In addition to pay-per-use and elasticity, cloud services offer increased automation and simplify the change management process. Together these benefits allow organizations better management over complex solutions and give them the ability to deliver features and enhancements with improved velocity. For instance, since a cloud-native solution typically uses a modular decoupled architecture, making a change or adding a capability poses less risk than in a traditional application. It is also far more straightforward. As the part you are changing is decoupled from the rest of the application, you can apply the new code quickly and only test the points and features that integrate with it. In a traditional application, you need to refactor the code and then retest it end-to-end as it is architected as a single solution.
Because of the modular approach used in its architecture, a cloud-native app also allows for much greater flexibility. As you can deploy your app across a range of disparate services, technology lock-in is not a risk. For instance, you could deploy some of your code on a Java function app and other parts of your solution on a container running Python. You could even leverage a multi-cloud approach running some workloads on one provider's platform and others on a different cloud. This unlimited flexibility allows organizations the freedom to innovate and deploy new features quickly. By not being tied to a particular technology or platform, they can leverage any cloud service that meets their requirements.
Due to its decoupled nature, cloud-native computing requires a holistic, integrated approach to security. Architects that create cloud-native solutions need to consider securing every component and layer of their architecture. These components include the network, the various containers, microservices, and databases hosting the app and the data and the app itself. Ideally, the architect should configure the security for each component and layer so that each solution module can run in isolation with complete protection. One of the core benefits of a cloud-native app is its flexibility in that you can move various components to different services as the need arises. This flexibility dictates that you need to ensure the security of a particular element accompanies it to any platform.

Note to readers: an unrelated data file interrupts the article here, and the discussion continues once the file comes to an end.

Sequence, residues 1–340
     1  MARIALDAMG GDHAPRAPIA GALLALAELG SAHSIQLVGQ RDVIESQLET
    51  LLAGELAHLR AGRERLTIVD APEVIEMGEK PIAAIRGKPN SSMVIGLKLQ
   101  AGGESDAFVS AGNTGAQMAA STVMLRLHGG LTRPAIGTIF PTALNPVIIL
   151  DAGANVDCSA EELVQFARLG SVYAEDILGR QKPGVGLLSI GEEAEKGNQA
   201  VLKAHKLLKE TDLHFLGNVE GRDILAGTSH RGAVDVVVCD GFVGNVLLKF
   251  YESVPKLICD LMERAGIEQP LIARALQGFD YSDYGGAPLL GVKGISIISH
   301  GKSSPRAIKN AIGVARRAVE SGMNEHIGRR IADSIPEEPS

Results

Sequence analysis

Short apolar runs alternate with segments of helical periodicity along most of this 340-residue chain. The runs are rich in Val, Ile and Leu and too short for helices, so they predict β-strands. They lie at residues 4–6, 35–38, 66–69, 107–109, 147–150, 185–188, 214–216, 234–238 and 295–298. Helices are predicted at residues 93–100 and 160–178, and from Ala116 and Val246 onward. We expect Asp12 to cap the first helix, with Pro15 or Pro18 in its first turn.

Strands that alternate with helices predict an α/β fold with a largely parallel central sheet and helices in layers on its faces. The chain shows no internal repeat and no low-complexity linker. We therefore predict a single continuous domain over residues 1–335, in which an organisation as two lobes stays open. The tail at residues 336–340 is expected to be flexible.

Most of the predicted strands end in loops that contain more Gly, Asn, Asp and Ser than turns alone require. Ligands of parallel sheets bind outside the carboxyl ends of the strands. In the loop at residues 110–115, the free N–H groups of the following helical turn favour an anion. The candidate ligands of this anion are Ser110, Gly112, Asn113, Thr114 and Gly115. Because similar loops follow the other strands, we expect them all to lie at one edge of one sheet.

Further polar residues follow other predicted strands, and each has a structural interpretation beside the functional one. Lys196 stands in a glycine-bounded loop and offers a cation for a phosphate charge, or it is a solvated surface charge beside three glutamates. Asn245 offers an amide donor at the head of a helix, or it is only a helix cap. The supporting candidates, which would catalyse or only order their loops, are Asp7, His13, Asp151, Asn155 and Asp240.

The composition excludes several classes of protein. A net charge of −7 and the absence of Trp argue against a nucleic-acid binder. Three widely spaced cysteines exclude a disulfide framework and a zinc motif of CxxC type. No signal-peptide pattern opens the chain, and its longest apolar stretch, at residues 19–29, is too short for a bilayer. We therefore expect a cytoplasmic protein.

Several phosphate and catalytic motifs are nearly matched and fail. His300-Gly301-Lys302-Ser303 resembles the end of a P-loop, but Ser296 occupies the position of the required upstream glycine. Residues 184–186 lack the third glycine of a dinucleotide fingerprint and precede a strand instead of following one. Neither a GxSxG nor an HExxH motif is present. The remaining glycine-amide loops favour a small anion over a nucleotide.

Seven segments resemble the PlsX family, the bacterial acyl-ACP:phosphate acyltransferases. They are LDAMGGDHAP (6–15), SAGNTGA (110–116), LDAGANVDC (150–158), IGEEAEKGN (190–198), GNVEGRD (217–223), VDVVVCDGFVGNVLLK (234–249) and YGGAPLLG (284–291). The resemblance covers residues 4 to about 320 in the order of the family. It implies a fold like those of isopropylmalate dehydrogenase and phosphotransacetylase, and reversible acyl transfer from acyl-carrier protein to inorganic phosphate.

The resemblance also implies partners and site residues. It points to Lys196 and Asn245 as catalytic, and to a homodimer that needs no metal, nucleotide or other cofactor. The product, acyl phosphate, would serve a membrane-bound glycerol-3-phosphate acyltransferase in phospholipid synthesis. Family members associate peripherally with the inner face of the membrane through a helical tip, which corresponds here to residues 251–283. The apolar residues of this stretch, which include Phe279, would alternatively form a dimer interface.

Furthermore, as cloud-native computing relies on thousands of connections between standalone services with complex automation, the security architecture must secure the transit points. It needs to protect the data in transit as well as the endpoints. This complexity increases further if your application is also consuming data from other third-party cloud services. So, even though cloud-native has several advantages that make it the model for software development moving forward, securing it requires a fresh approach. Instead of securing the traditional perimeter as you would with legacy architecture, you need a decentralized security model that secures each component independently and the solution as a whole.
As mentioned, as each component works independently in a loosely coupled fashion, ensuring the confidentiality and integrity of your application and its data is vital. For example, every connection to or from a service needs authentication. Furthermore, once authenticated, the connecting service or component also requires authorization to ensure it can only access the relevant features it needs for its function.
Since the entire model of a cloud-native application is decentralized, the solution that manages its authentication and authorization should also be independent. A cloud-based, independent, IAM solution offers the features that can help you manage the security in a cloud-native architecture. It can centrally manage the identity of resources such as users or devices that are accessing the various components that together form your cloud-native solution.
From a DevOps perspective, a cloud-based, decentralized IAM solution can also help automate your cloud-native app's identity, authentication, and authorization services. For example, it can help you provision and deprovision users and offer a central console to manage every identity. Furthermore, with extensive reporting, your IAM solution can provide insights into the security of your cloud-native architecture, giving you more control and allowing you to mitigate any risks proactively.
An independent, decentralized IAM platform can also help you manage access to the cloud infrastructure you leverage to host your cloud-native app. For instance, OneLogin with AWS Control Tower integration gives architects the ability to easily govern their multi-role, multi-account AWS environment.
These examples illustrate that when it comes to securing your cloud-native app, there are multiple use cases where an IAM solution is invaluable, It can help you manage identities accessing your various cloud services, integrate into your solution as its identity provider, provide the relevant reporting, and even integrate with the cloud platform allowing you to manage access to the services hosting your app’s components.